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Dr. Tom Croat

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Dr. Tom Croat

P.A. Schulze Curator of Botany

Research Interests

•  Systematics and Ecology of Neotropical Araceae
•  Floristics of Araceae for Neotropical Areas
•  Horticulture of Araceae
•  Phenological Variations of Neotropical Floras

Web Pages: MBG, International Aroid Society, Frontiers of Discovery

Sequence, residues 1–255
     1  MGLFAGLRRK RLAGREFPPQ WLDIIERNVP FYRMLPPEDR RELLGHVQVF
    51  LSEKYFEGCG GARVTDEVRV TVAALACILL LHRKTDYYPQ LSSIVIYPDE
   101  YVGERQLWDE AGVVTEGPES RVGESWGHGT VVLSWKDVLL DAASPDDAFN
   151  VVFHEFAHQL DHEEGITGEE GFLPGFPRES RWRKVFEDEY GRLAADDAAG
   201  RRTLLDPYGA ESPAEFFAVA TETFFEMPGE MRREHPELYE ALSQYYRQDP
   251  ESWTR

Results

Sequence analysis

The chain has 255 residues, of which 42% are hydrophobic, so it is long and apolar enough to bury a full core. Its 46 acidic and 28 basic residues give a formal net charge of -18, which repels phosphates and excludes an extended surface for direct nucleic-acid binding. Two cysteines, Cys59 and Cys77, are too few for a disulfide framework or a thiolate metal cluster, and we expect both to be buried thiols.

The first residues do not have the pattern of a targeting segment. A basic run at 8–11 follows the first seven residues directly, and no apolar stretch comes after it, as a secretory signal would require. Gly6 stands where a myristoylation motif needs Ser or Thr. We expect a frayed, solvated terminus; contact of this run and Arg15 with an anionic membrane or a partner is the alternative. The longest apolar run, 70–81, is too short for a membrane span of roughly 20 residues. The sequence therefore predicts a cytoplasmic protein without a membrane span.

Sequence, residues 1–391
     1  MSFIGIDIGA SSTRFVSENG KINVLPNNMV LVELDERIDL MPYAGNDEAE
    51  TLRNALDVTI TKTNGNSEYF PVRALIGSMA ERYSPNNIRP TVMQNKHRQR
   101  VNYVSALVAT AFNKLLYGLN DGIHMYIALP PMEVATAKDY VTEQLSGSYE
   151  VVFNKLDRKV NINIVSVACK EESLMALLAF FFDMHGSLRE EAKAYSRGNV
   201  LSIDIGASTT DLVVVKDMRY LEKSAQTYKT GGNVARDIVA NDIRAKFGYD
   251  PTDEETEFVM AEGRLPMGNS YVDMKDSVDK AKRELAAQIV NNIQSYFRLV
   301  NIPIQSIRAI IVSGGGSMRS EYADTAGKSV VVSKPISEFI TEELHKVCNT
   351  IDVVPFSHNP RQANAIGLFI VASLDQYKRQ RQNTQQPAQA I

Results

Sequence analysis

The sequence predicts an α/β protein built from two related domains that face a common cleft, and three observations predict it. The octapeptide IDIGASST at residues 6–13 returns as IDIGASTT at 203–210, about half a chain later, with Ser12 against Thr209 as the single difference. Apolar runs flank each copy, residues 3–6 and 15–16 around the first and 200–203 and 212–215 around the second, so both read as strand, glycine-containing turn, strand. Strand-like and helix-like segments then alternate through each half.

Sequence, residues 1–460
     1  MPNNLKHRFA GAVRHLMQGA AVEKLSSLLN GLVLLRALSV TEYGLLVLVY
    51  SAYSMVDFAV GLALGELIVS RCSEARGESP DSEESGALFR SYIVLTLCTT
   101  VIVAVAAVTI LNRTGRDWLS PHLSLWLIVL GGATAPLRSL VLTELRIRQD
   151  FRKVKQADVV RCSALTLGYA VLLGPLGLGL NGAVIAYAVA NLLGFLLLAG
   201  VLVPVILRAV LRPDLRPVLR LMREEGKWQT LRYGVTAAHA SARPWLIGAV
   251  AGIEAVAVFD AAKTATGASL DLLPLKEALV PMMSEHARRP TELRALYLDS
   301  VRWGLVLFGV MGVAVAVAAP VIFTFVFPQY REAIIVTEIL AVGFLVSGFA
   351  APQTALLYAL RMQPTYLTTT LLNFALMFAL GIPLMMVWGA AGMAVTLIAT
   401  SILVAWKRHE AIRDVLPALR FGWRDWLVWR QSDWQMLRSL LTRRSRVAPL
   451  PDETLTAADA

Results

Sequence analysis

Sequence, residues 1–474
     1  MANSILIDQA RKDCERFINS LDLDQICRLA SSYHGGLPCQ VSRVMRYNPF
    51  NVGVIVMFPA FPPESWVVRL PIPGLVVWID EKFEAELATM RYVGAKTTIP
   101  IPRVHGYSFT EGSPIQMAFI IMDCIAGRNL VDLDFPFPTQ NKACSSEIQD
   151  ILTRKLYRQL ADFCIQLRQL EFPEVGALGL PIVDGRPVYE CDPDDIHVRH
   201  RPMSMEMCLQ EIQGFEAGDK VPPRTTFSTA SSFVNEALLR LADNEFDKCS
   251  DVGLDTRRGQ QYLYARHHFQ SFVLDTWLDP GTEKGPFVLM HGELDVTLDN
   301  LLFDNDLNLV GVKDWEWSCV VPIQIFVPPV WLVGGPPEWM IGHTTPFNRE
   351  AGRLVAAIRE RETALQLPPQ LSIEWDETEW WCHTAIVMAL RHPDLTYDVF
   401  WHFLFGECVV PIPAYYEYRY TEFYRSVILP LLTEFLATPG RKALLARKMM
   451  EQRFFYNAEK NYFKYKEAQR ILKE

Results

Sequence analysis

Project: Revision of the genus Stenospermation (Araceae) for Central AmericaStenospermation (Araceae subfam. Monsteroideae Tribe Monstereae) is a medium-sized genus for the Araceae with an estimated 250 species, occurring principally in the Andean region of South America. To date only 82 of these are published names that have not been synonymized and an additional 24 of these names have not yet been published so there are only 54 published species of Stenospermation, only about 1/5th of the estimated total number of species. The majority of the species in the genus occur in Costa Rica, Panama, Colombia, Ecuador and Peru with relatively few inhabiting eastern South America or the Amazon basin. This study will revise the Stenospermation species of Central America where approximately 24 species occur. The last full revision of the genus was by Engler in 1908, where 21 species were treated. None of these was described as new in that publication. The last revision of Central American species was in 1983 in an unpublished Master’s thesis by Alcira Gómez de Pérez. That thesis treated 8 species, including 1 new species, but clearly a number of additional taxa exist in the region. A forthcoming treatment in the Flora Mesoamerica makes it imperative that the genus be revised taxonomically. This project will treat the species from the Isthmus of Panama to the Isthmus of Tehuantepec. Many new collections have been made during the last few decades, which have resulted in important gains in our understanding of the variation and distribution of Stenospermation. The current revision will include an introduction dealing with the taxonomic history of the genus as well as aspects of its phylogeny, cytology, palynology, and phytogeography. The taxonomic section will feature a generic description, keys to species, detailed descriptions, illustrations, discussion of relationships, and a full exsiccatae. This work also constitutes a series of hypotheses, and the morphologically defined taxa treated are a hypothesis of relationships within the genus Stenospermation, which can be tested by future workers using molecular or other independent data sets.

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